I will put in at the Barron Canyon on the east side of the park, then camp at the following lakes :Johnson, Green Leaf, White Partidge, Crow Bay, Red Rock, and Little Otter Slide (see the large red arrows on the map above). My journey ends at Canoe Lake, where I will meet up with my family en route to my brother’s cottage.
I know from experience that Green Leaf lake is remote enough to be full of big bass, and Crow Bay and Crow River are renowned for Brook Trout, so I expect to eat some fresh fish.
Depending on my traveling speed, I may rush to these areas so that I can stay and fish for longer. If, for instance, I can get to Green Leaf Lake in one day rather than two, I could take a day off for fishing. Because this is my first solo portaging trek, and on a boat that I have not loaded down before, I won’t know how far I can travel until I get moving.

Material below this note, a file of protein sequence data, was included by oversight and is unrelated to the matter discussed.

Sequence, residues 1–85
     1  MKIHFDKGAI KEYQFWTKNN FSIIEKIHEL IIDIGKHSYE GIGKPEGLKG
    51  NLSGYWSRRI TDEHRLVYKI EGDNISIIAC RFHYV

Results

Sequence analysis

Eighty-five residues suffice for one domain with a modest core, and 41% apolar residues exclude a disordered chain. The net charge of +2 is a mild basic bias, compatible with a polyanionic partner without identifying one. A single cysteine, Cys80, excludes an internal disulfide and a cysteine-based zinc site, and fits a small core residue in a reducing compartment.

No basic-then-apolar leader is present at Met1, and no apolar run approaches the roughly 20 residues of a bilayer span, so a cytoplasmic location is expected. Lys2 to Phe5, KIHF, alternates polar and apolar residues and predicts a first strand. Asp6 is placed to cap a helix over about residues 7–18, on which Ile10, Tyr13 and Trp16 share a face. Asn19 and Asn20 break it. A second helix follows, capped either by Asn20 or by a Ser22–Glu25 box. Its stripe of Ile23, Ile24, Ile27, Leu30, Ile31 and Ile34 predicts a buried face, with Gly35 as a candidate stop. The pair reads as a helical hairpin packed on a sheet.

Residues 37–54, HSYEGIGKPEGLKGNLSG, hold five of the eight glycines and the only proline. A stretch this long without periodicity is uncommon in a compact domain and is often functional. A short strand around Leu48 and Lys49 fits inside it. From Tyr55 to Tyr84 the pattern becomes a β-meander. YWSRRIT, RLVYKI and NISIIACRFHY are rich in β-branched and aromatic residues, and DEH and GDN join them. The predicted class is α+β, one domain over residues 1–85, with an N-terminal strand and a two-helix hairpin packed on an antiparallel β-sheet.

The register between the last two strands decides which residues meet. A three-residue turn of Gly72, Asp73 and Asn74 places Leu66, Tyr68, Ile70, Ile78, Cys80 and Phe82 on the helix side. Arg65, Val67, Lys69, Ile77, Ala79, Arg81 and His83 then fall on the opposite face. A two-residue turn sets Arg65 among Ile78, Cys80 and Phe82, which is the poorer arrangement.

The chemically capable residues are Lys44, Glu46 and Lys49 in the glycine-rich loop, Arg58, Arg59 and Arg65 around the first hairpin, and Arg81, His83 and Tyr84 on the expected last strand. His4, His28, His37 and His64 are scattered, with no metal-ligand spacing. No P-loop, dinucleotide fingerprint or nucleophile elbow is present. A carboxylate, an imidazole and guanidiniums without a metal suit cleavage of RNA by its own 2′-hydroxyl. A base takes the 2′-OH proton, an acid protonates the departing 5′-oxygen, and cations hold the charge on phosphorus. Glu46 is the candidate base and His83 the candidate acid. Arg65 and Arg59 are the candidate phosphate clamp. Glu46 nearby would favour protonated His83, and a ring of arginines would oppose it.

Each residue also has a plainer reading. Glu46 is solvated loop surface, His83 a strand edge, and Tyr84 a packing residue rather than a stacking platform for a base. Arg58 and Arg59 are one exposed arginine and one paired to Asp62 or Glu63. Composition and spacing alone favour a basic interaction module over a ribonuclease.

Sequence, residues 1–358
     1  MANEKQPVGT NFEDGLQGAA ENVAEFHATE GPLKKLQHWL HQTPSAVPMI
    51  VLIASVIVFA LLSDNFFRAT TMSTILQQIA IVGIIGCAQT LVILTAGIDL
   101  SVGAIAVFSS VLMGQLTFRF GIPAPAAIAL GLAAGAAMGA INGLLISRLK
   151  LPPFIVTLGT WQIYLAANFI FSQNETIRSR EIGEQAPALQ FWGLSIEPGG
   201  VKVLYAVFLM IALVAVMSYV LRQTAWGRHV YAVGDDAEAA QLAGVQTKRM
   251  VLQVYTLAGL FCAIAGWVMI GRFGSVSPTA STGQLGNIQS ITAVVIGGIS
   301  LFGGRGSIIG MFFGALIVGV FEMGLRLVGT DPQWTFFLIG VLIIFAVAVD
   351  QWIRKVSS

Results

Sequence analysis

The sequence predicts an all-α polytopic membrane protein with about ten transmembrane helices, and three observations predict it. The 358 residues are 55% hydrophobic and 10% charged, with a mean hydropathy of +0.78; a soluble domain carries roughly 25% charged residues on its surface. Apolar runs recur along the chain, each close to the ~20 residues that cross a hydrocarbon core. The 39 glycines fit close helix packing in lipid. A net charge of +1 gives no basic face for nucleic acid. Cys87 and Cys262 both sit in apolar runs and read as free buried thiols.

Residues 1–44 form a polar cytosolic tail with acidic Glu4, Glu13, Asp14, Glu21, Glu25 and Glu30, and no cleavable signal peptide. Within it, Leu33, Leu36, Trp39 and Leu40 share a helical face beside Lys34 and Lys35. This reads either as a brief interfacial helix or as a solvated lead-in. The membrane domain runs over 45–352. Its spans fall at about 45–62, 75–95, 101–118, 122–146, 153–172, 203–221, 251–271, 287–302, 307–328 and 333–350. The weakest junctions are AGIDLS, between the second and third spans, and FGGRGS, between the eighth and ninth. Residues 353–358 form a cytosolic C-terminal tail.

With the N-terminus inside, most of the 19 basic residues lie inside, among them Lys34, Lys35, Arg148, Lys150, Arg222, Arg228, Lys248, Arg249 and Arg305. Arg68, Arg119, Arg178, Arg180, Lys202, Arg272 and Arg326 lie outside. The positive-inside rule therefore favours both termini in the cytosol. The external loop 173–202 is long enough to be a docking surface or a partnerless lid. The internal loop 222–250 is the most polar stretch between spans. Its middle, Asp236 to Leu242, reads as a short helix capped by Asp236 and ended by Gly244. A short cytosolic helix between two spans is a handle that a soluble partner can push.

My boat is new acquisition from the amazing boat builders at Hornbeck Boats. I tested their hulls in their pond last year at their beautiful facility in the Adirondacks. I loved it right away, and ordered my boat. I picked it up this Spring. and since then, I have been testing in local waters. It is exceeding my hopes for speed and maneuverability.
Hornbeck calls this boat a Classic 12 Blackjack. It is a 12 foot long 15 pound carbon fiber packboat. There are no typos in that last sentence. 15 pounds is miraculously light. With no place for a yoke, this boat will rest on top of my external frame backpack, which I have adapted for this purpose. The seat is built into the bottom of the boat, and I paddle it with a carbon fiber kayak paddle.
Kitchen and Food
My dinners and breakfasts on this trip will be dehydrated meals of oatmeal for breakfast and home-made dehydrated meals for dinner, including spaghetti, burritos, and baked beans. These, I will hydrate using my insulated Vargo Bot, (See my intro post from my last trip: https://gdmbrblog.wordpress.com/2016/04/), and my new MKettle.